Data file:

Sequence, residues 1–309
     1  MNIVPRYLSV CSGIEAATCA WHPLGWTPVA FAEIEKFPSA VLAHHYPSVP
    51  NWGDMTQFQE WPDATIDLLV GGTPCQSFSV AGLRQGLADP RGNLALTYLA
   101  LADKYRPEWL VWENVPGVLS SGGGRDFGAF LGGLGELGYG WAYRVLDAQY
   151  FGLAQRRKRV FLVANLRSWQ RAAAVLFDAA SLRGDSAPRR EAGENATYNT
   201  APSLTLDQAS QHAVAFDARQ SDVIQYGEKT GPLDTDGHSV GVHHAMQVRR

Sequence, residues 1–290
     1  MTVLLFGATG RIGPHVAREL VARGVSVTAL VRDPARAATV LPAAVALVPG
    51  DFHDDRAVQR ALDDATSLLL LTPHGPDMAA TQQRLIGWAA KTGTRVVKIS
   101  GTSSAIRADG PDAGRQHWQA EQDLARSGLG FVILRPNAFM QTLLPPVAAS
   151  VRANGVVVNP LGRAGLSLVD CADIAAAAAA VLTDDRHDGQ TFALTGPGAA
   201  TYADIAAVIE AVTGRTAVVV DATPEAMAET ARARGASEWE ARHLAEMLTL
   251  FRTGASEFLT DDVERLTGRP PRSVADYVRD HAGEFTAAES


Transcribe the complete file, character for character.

Sequence, residues 1–309
     1  MNIVPRYLSV CSGIEAATCA WHPLGWTPVA FAEIEKFPSA VLAHHYPSVP
    51  NWGDMTQFQE WPDATIDLLV GGTPCQSFSV AGLRQGLADP RGNLALTYLA
   101  LADKYRPEWL VWENVPGVLS SGGGRDFGAF LGGLGELGYG WAYRVLDAQY
   151  FGLAQRRKRV FLVANLRSWQ RAAAVLFDAA SLRGDSAPRR EAGENATYNT
   201  APSLTLDQAS QHAVAFDARQ SDVIQYGEKT GPLDTDGHSV GVHHAMQVRR

Sequence, residues 1–290
     1  MTVLLFGATG RIGPHVAREL VARGVSVTAL VRDPARAATV LPAAVALVPG
    51  DFHDDRAVQR ALDDATSLLL LTPHGPDMAA TQQRLIGWAA KTGTRVVKIS
   101  GTSSAIRADG PDAGRQHWQA EQDLARSGLG FVILRPNAFM QTLLPPVAAS
   151  VRANGVVVNP LGRAGLSLVD CADIAAAAAA VLTDDRHDGQ TFALTGPGAA
   201  TYADIAAVIE AVTGRTAVVV DATPEAMAET ARARGASEWE ARHLAEMLTL
   251  FRTGASEFLT DDVERLTGRP PRSVADYVRD HAGEFTAAES